Can this be done? the stove was given to me and i would rather burn wood than coal. The previous owner said it could be done but the Vermont Castings site dosent say anything,
Yes it can be done, and generally works quite well. The basic vigilant design has been around for many years and is a good stove, the benefit to having one designed for coal burning is that, depending on which year it is (they changed the design slightly over the years) you will have the convienience of an ash pan and shaker grates which are nice to have no matter what you are burning. The reason Vermont castings cannot reccomend burning wood in it is simply because the USEPA since '88 requires wood stoves to obtain a certain level of emissions output and must be tested for this; vermont castings did not do this because it is not required of coal stoves and thus cannot make statements that might be in contrary of what is required of the company by law. So, as you see the reason burning wood is not mentioned is purely a regulatory technicality and not anthing that would negatively impact your woodburning experience. Now, having said that, if possible if it were me i would burn coal, it is a far superior fuel if it is available in your area, and if you don't cut your wood, is generally on a per btu basis less expensive than buying cordwood.
thanks for the answer
I called vermont castings and they said it will burn wood to fast because it has a larger draft. I have a house with alot of downed wood in the forest behind my house. i could switch back to coal later.
Hello, here is a supplementary question to burning wood in a Vigilant. I am after buying an old Vigilant (1988 sale date, green enamel, ash tray and glass in the doors) which was sold into the UK as a coal AND wood burning stove. The original instruction booklet apparently states that the maximum length of log to be 12" although the firebox is much wider. Is there a reason that why longer logs can't be burnt? We have a lot of felled wood too and would prefer to cut the logs into 18" lengths. Many thanks for any help, Jamie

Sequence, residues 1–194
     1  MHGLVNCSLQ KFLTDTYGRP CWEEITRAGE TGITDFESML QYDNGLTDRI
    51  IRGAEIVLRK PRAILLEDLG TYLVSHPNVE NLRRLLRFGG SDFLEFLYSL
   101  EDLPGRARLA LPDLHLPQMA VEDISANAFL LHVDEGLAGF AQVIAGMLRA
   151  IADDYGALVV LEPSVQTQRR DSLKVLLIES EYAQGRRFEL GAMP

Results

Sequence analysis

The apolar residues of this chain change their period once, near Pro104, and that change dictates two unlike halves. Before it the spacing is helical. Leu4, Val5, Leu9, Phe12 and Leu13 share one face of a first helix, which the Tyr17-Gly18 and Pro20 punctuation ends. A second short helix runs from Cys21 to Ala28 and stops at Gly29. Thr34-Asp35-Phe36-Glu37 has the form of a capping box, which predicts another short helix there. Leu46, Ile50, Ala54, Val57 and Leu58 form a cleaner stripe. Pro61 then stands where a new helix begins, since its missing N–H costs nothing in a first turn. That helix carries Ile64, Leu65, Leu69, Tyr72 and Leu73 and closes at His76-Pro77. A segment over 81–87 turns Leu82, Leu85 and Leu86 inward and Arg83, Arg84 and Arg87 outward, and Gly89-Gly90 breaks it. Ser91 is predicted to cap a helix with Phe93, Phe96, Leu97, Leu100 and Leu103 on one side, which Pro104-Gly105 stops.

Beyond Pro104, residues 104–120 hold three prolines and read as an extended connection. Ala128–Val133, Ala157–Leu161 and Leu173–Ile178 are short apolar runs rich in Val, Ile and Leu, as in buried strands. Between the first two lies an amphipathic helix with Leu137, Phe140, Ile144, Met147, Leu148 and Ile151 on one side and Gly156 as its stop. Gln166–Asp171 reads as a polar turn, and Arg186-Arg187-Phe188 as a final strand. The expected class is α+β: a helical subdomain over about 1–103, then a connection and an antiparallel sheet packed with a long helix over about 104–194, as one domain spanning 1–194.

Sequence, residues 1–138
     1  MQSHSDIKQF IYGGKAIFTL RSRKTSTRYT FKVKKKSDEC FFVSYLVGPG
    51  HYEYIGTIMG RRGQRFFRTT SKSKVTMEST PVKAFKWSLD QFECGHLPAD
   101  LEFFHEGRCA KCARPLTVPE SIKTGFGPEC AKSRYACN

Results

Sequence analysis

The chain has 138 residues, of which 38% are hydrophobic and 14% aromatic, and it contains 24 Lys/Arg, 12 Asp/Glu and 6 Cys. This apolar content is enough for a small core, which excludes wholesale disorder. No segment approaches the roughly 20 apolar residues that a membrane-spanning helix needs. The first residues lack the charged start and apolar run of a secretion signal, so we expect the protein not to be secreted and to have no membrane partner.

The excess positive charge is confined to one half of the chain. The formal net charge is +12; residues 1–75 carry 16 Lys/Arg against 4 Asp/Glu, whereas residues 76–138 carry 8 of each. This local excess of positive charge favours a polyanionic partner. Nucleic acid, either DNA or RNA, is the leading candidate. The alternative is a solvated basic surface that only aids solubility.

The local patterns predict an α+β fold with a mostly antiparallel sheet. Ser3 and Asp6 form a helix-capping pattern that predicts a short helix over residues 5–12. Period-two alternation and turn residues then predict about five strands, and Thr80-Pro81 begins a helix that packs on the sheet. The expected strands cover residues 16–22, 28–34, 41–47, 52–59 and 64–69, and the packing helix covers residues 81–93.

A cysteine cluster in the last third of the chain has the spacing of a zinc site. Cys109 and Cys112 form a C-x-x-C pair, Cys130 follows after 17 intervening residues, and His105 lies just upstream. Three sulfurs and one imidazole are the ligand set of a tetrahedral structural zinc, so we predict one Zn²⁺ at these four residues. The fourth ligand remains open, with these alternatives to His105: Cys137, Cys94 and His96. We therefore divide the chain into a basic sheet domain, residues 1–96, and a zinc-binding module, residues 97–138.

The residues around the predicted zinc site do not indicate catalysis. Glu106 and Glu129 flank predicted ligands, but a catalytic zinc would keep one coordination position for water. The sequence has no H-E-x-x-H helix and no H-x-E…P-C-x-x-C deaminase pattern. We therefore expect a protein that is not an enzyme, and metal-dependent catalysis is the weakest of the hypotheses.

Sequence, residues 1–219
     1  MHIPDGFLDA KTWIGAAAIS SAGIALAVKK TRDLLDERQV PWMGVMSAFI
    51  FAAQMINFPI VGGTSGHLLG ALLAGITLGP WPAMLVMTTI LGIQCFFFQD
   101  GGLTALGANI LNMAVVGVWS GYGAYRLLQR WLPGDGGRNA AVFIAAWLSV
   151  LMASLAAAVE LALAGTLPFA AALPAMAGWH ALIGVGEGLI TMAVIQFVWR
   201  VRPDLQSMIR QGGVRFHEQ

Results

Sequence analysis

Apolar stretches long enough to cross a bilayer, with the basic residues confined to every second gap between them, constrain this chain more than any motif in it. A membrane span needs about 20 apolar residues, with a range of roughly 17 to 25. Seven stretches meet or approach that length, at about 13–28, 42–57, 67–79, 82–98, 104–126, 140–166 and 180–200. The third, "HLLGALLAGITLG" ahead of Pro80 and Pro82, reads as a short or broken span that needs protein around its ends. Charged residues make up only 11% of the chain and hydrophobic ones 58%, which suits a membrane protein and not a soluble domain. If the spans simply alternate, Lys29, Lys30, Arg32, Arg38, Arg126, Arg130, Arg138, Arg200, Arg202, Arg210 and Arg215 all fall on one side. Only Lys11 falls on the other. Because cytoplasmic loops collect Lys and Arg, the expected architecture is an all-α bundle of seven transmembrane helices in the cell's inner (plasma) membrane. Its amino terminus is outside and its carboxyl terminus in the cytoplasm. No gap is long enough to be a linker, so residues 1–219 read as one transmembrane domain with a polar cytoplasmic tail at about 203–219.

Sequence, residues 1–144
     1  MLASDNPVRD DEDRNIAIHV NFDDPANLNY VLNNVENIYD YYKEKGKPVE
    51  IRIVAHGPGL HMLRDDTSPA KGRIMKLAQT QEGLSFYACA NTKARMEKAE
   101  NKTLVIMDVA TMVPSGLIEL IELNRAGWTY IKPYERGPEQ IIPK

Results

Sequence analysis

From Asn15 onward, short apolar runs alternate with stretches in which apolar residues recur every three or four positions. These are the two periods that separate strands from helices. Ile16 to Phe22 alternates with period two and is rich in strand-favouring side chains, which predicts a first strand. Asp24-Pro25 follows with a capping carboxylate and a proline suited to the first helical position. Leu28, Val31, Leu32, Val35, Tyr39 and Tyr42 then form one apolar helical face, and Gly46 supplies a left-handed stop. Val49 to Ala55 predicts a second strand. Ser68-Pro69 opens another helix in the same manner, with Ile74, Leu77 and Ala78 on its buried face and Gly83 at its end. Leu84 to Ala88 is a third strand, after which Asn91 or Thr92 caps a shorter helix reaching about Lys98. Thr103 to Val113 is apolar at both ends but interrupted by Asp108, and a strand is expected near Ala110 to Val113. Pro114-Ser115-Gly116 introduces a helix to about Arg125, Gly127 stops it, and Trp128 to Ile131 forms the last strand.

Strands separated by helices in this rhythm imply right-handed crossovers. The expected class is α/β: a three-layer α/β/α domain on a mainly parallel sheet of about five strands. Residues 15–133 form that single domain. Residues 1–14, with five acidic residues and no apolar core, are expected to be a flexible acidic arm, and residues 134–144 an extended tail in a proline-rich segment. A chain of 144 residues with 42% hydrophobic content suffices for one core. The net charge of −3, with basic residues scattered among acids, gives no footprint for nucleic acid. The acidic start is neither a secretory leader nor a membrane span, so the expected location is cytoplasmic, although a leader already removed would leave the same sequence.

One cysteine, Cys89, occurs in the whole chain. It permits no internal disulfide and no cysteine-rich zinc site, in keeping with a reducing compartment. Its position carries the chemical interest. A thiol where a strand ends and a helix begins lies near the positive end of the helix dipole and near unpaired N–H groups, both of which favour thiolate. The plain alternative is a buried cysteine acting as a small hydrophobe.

I just purchased a vigilant coal stove and am trying to burn wood in it but cant seam to maintain heat. i am either burning with the dampner open to keep heat in the stove or smothering it by closing the dampner and i was told to use a barometric dampner. what am i donig wrong?
The Vigilant was designed to be capable of burning either coal or wood. In most cases - if I remember correctly - there was a separate removable insert used for coal.
There are many factors involved in your problem - dryness of the wood, chimney height and diameter, etc. A barometric damper is very unlikely to help. I'd suggest you post your question on www.hearth.com. in the section devoted to older stoves. You'll get lots of responses from people with direct experience with this stove. You will need to provide information about your wood supply and chimney.